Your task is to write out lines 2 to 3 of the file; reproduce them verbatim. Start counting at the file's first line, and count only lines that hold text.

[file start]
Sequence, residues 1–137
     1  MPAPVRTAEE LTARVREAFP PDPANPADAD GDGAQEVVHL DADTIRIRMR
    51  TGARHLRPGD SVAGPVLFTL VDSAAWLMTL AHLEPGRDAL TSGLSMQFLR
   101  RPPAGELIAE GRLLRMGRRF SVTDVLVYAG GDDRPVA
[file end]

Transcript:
     1  MPAPVRTAEE LTARVREAFP PDPANPADAD GDGAQEVVHL DADTIRIRMR
    51  TGARHLRPGD SVAGPVLFTL VDSAAWLMTL AHLEPGRDAL TSGLSMQFLR